Top of the Food Chain

By: Neil Cilley '87

I’m truly grateful and excited to be a part of the Dublin School Dining Services team for the 2015-2016 academic year. This school and this community hold a very special place in my heart.

You see, a long, long time ago this was my home—I am an ’87 alumnus. It’s wonderful to be back home here at Dublin with you all, to be doing one of the things I’m passionate about—cooking, and to be working with such a strong and talented kitchen staff.

It’s amazing how quickly we’ve transitioned into the fall—amazingly, with winter now just around the corner. I’ve had the opportunity to meet many students, faculty, and staff since I began work here last January. There were many new faces who joined us for the 2015-16 school year, and I’m still trying to get caught up meeting and getting to know you all.

This new year is providing me with the wonderful opportunity of working under our new Food Service Director and extremely talented chef, Sven Green. 

Over the years, I have worked in every capacity of the food service industry and have been in charge of some very capable kitchens preparing excellent food, helping me become a pretty decent cook myself. However, I’ve never had the chance to apprentice under such a talented and accomplished chef.

Since Sven’s arrival, I’ve been introduced to some previously unfamiliar ingredients and some new food preparation techniques. These new culinary experiences have been and continue to be very exciting and rewardingThe entire Dining Services team is very much looking forward to providing you with a school year filled with healthy, dynamic, and delicious food. For while Dublin has always served tasty food, we’re now attempting to take the quality of the food to whole new level. We want the food not only to taste delicious, but also to be healthier—having been made with the best fresh ingredients we can obtain and prepared with utmost of care.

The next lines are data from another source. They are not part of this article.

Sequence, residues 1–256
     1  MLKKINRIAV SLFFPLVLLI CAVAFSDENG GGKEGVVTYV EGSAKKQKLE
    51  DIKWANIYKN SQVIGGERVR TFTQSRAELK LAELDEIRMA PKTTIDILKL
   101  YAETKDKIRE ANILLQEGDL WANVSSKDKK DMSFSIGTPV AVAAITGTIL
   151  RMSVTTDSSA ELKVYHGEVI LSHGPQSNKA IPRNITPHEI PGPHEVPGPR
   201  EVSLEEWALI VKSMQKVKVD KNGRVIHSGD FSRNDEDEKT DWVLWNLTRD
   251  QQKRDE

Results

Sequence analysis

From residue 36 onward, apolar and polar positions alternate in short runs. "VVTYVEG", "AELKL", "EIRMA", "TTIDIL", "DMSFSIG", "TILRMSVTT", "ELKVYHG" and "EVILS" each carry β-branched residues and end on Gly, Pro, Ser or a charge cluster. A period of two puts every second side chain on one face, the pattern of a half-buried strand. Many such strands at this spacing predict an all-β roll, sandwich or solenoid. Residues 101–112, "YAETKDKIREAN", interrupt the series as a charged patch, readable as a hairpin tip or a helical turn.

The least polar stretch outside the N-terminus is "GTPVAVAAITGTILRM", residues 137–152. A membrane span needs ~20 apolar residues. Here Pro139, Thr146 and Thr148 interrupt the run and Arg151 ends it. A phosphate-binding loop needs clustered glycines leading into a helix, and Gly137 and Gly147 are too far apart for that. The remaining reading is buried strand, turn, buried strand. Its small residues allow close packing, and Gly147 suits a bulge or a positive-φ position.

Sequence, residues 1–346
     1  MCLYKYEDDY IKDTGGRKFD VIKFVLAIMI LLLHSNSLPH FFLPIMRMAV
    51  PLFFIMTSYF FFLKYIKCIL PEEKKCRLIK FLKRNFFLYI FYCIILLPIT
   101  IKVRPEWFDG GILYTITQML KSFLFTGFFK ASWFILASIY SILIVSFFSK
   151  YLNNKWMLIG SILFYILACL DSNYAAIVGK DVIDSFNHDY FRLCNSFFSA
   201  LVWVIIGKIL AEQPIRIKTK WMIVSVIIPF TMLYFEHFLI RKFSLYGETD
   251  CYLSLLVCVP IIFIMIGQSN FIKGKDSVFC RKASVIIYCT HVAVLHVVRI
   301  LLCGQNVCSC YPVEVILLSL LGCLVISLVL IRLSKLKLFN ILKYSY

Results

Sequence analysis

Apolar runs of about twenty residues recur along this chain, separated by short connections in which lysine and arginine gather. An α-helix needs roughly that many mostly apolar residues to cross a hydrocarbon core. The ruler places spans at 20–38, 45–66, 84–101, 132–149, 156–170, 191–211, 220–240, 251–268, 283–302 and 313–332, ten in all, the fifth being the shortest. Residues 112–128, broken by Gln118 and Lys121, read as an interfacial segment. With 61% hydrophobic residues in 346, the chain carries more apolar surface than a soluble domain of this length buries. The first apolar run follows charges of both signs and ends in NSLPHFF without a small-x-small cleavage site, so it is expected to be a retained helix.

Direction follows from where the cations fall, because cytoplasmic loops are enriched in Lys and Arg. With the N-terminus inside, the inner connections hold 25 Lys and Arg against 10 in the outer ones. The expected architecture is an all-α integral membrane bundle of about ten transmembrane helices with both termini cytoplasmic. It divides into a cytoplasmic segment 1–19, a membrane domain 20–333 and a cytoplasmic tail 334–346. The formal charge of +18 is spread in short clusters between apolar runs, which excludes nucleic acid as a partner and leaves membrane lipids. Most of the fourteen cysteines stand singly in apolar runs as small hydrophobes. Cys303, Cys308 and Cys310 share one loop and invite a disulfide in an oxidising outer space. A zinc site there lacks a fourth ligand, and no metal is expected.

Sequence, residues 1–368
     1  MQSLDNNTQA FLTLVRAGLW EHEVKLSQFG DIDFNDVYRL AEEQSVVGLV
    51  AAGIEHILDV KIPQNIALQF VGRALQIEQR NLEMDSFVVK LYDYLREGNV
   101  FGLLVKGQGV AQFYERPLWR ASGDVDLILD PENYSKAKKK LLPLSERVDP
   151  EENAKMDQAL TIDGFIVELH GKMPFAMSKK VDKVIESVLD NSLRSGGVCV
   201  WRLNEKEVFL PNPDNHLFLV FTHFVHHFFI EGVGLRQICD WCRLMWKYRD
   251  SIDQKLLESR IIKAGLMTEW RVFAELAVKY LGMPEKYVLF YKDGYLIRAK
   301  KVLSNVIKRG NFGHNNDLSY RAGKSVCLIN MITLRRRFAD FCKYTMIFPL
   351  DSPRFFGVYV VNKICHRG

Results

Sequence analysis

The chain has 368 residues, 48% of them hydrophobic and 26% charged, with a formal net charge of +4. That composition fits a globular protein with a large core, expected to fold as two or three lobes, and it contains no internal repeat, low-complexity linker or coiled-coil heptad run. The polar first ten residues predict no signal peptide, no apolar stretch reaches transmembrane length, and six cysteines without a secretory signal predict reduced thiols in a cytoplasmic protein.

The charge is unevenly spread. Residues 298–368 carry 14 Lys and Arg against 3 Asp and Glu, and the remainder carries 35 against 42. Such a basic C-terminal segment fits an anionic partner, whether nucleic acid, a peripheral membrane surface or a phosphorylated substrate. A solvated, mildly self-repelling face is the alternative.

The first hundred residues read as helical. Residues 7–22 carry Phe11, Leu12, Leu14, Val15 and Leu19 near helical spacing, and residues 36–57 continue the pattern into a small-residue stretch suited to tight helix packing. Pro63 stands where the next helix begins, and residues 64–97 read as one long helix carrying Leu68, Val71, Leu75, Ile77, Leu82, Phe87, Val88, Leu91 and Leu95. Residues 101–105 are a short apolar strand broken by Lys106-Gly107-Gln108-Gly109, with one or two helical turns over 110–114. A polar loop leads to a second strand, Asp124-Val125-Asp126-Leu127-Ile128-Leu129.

In a general way, one can think of this fresh approach to food preparation as “Slow Food.” 

 The easiest explanation for the concept of Slow Food is that Slow Food is NOT fast food. Essentially, Slow Food is quality food prepared with care and time utilizing fresh, high quality, local (whenever possible) ingredients. The history of the Slow Food movement is interesting (I encourage you to Google it!). Even though the Slow Food movement was born in Italy in 1986, the concepts and philosophies of slow food cooking date back much, much further.  

Today, somewhere in the hustle and bustle of modern society, most of our western civilization has collectively stumbled and lost our way with respect to cooking and eating properly. As Sven indicated in his previous newsletter article, it’s time for us—as a society—to make the choice to evolve when it comes to preparing and eating quality food.  Because, if we as a collective species do not choose to embrace the philosophies of the Slow Food movement now, then I firmly believe that even harder “choices” will be forced upon us as time marches forward and global resources are stretched.  Currently, we are presented with the opportunity of embracing the Slow Food philosophy here in our community and to eat some amazing, AMAZING food in the process. 

 I look forward to seeing you all in the Dublin food lines. Cheers!